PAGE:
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Whole Foods got caught overcharging customers, but that's just part of the problem with food costs.

The harsh fact of the matter is that food is becoming less affordable for low-income families.

For years, people have debated whether or not it's worth shelling out extra cash for organic produce.

It's one of those topics where reasonable people can disagree, and whether or not someone should or shouldn't go organic is something best left to the individual consumer.

Photo by Justin Sullivan/Getty Images.

That said, there's some disturbing news coming from produce-land, and it's nothing to do with GMOs or processed foods. It has to do with mislabeling — possibly intentionally.

According to the New York Daily News, NY-area Whole Foods might have been ripping you off — more than you even knew.

People jokingly call Whole Foods "Whole Paycheck" for its perceived priceyness, but according to reporting from the Daily News, their local chains have been overcharging customers for at least the past five years, usually by mislabeling the weight of products.

Photo by Justin Sullivan/Getty Images.

Examples of violations included chicken tenders that were overpriced by $4.85, coconut shrimp that was $14.84 over its actual cost, and a vegetable platter that came in at $6.15 too expensive — all because the item weight didn't match up.

As most shoppers don't bring their own scale to the store (and probably aren't able to guess weight down to the nearest tenth of a pound), this isn't even one of those situations where it's fair to suggest "buyer beware."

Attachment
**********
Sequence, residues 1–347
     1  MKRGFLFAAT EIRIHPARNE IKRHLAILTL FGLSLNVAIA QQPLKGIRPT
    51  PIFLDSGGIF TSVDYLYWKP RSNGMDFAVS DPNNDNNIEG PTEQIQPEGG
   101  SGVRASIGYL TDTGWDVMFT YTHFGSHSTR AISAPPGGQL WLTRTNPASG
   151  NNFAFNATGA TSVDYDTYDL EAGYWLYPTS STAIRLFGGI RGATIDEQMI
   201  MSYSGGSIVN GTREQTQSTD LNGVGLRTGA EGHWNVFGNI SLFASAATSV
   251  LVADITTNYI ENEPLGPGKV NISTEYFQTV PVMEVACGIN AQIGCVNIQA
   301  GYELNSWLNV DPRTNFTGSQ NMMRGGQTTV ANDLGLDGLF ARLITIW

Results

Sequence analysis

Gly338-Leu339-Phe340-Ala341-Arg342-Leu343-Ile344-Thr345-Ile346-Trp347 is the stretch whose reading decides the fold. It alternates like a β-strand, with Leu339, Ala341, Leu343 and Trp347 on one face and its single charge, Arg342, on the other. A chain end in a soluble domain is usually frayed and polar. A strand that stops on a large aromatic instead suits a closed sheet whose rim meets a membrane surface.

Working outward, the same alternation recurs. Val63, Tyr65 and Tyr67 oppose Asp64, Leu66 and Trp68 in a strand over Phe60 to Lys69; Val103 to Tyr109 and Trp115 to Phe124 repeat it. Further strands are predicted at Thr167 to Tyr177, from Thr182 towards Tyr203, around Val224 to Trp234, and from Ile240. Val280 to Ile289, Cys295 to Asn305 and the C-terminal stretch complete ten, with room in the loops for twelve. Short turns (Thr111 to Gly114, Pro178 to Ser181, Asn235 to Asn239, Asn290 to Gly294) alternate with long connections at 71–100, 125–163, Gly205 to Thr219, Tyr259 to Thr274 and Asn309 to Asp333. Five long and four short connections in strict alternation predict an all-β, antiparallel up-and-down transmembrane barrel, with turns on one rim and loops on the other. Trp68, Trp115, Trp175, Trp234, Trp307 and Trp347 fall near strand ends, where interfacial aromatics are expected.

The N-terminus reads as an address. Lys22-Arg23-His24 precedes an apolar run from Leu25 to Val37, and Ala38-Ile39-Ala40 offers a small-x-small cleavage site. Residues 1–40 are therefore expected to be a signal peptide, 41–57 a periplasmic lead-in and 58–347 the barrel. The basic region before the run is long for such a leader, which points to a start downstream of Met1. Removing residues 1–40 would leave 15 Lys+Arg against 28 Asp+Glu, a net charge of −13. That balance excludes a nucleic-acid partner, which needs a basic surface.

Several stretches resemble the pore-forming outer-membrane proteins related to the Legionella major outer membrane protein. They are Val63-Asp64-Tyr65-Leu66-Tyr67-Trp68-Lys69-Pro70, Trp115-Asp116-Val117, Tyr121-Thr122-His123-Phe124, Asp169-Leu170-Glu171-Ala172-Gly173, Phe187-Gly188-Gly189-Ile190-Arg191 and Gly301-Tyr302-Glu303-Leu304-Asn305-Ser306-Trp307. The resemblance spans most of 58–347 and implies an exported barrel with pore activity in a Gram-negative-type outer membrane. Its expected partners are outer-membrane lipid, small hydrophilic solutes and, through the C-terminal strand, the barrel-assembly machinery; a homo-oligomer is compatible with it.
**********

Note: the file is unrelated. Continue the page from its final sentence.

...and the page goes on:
But let's talk about a bigger issue: Lower-income Americans are having a harder time putting food on the table.

According to a report from the USDA, households in the bottom 20% of income earners were spending on average 36% of their income on food.

And just as frightening, the cost of food is rising faster than the rest of the economy. That is, over the past five years, the cost of food has risen by more than 10%, outpacing the average change of a little more than 8%.

It's not just food, either. The price of college, child care, and vehicle maintenance have climbed steadily over the past decade relative to other items while things like toys and electronics have gotten more affordable. In other words, the things we need to survive ("the basics") are getting less affordable, and without these, it's a huge challenge to pull oneself out of poverty.

We mat not have the power to single-handedly change the economy, but there are things we can do to help the hungry.

1. Fight for a higher minimum wage.

If prices are on the rise, at the very least wages need to rise as well. If the bottom 20% of earners can make just a bit more, they won't be as squeezed when it comes to deciding whether or not they can afford to eat healthy (and in the long run, avoid some potential medical bills) or not.

2. End food deserts.

Food deserts are low-income communities with low access to grocery stores. By opening affordable, healthy, community-run grocery options, food deserts can be fought, making for healthier and more financially sound residents.

3. Spread the word.

Possibly the most important thing any of us can do is to help spread the word about the food-related challenges facing low-income Americans. Sometimes their stories get lost in discussions about politics, and we hear about increasing restrictions on how SNAP (food stamps) funds can be spent. It's important to remember that the people in need of SNAP assistance are actual people and far more than pawns in some political game.